Secondary bone cancer, also known as bone metastases, is the most common form of skeletal cancer and is most often a consequence of a primary tumor. That is, before the bones are affected, a malignant tumor has developed elsewhere in the body, such as the lung, prostate, kidneys, thyroid, bladder or stomach, and cancer cells from the primary tumor travel to the bones through the blood. or the lymph.
Secondary bone cancer can arise from any type of tumor, but the types that are most likely to spread to the bones are breast, lung, prostate, kidney, and thyroid cancer.
In addition, secondary bone cancer normally, there’s no cureas it appears in a very advanced stage of cancer, and its treatment is palliative, maintaining the patient’s comfort to reduce discomfort and pain.
The main symptoms of secondary bone cancer can be:
- Pain in the bones, very intense during rest and especially at night, not relieved by taking painkillers;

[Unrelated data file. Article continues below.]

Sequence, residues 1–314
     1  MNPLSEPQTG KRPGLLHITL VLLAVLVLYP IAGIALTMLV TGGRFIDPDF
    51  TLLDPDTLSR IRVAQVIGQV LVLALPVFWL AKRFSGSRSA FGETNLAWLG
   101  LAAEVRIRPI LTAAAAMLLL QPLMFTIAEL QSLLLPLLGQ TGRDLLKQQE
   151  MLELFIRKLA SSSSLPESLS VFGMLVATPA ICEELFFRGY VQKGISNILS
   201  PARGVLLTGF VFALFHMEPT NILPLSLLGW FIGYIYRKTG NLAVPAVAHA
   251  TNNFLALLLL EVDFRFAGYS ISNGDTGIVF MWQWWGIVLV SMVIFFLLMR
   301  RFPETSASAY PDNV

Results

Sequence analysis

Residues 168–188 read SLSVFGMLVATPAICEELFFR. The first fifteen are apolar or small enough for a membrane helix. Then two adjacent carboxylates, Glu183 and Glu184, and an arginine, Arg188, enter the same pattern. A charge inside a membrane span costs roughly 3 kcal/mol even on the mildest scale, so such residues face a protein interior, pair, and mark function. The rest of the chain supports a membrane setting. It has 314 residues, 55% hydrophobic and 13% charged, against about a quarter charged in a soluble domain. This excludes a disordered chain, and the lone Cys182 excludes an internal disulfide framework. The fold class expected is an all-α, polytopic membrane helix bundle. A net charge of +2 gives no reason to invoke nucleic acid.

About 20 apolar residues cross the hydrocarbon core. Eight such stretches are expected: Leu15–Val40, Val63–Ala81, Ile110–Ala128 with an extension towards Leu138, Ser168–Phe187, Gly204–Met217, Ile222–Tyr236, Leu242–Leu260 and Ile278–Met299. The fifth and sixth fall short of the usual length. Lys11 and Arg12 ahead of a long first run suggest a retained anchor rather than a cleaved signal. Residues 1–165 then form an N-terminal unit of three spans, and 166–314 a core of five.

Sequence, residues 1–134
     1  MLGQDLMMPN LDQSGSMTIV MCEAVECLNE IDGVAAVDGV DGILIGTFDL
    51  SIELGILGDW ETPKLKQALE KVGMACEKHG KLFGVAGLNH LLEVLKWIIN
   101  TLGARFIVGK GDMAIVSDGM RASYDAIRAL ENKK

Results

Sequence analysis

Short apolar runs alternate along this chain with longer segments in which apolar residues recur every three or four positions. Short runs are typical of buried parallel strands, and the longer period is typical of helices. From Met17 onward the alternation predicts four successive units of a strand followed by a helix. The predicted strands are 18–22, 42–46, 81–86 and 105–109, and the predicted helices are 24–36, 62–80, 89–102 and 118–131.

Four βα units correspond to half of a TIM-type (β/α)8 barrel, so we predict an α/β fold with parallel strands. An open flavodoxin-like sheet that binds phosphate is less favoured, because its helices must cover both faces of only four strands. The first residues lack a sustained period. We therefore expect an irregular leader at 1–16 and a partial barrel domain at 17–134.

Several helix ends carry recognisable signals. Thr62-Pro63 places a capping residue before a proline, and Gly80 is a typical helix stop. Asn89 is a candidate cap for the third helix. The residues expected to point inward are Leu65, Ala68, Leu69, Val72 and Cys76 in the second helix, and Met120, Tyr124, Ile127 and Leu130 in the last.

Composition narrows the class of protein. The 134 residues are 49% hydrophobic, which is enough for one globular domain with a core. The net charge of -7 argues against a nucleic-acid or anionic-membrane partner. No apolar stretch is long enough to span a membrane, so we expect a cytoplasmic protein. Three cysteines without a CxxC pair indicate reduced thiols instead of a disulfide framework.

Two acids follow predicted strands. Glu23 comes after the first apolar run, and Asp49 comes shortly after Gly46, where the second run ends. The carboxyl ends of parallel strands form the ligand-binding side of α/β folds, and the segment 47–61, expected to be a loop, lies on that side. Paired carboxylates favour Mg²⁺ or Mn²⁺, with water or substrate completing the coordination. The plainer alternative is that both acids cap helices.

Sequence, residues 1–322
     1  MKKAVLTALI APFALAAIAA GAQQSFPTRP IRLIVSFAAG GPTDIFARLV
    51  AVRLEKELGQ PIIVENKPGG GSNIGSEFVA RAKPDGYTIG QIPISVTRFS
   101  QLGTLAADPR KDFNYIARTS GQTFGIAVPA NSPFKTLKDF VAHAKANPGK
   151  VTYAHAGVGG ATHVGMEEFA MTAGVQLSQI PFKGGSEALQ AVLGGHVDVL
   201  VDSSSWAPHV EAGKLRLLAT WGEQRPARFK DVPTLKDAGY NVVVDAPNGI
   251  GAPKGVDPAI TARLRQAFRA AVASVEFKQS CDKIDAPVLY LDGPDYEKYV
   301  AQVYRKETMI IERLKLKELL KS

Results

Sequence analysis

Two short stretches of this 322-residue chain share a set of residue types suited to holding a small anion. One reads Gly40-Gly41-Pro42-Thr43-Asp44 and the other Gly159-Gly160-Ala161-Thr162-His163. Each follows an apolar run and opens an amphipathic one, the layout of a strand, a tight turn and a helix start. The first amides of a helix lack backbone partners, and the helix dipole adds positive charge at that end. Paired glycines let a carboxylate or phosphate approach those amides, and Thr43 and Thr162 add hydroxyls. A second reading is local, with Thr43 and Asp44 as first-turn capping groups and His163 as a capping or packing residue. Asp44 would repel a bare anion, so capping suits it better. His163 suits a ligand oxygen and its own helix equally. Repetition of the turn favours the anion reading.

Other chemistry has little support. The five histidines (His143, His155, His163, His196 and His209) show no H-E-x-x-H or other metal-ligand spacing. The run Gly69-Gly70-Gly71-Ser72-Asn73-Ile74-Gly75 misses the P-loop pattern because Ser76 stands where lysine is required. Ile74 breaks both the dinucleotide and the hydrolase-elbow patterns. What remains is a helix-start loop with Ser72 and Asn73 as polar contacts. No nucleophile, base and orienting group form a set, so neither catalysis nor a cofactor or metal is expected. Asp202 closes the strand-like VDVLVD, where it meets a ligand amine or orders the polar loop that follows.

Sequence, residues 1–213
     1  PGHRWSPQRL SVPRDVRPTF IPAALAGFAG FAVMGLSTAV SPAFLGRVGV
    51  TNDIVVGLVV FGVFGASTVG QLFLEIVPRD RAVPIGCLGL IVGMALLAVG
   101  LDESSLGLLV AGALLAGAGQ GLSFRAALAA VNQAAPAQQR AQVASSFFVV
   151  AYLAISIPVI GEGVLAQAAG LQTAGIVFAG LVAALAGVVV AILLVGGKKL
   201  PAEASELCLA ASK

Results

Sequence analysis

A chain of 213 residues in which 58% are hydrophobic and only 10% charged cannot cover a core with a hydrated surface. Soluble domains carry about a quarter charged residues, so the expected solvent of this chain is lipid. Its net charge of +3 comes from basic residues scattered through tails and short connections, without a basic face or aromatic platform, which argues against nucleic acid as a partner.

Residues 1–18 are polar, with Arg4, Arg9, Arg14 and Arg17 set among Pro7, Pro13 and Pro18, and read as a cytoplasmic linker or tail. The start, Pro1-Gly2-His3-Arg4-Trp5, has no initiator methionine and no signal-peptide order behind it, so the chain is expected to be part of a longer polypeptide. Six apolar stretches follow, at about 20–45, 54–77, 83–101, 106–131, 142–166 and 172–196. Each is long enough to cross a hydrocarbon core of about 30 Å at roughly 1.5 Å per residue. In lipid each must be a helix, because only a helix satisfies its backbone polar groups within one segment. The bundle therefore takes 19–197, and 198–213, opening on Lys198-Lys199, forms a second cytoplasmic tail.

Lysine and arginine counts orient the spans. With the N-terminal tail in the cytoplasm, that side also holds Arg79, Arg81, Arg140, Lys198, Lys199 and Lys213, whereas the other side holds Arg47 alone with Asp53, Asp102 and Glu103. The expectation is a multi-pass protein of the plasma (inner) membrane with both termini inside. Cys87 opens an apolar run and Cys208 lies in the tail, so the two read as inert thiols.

- Difficulty moving;
- Weight loss for no apparent reason;
- Muscle pain.
In addition to these symptoms, the occurrence of fractures with no apparent cause can also be suggestive of bone cancer, and should be investigated.
How the diagnosis is made
The diagnosis of bone cancer is based on clinical history, physical examination and complementary tests. Thus, radiography, tomography, magnetic resonance imaging and bone scintigraphy may be indicated, which is an exam that allows the identification of metastases. Understand how the bone scintigraphy exam is done.
Treatment for secondary bone cancer
The treatment for secondary bone cancer is performed by a multidisciplinary team, which must be made up of an orthopedist, an oncologist, a general practitioner, a psychologist, a radiotherapist and a nursing team.
The main objective of the treatment is to treat the primary cancer and avoid pathological fractures, and therefore, preventive surgeries are often performed to prevent complications and improve the person’s quality of life.
Always consult a doctor.
Verified by RJ985 – Brazilian natural medicine CMIO.org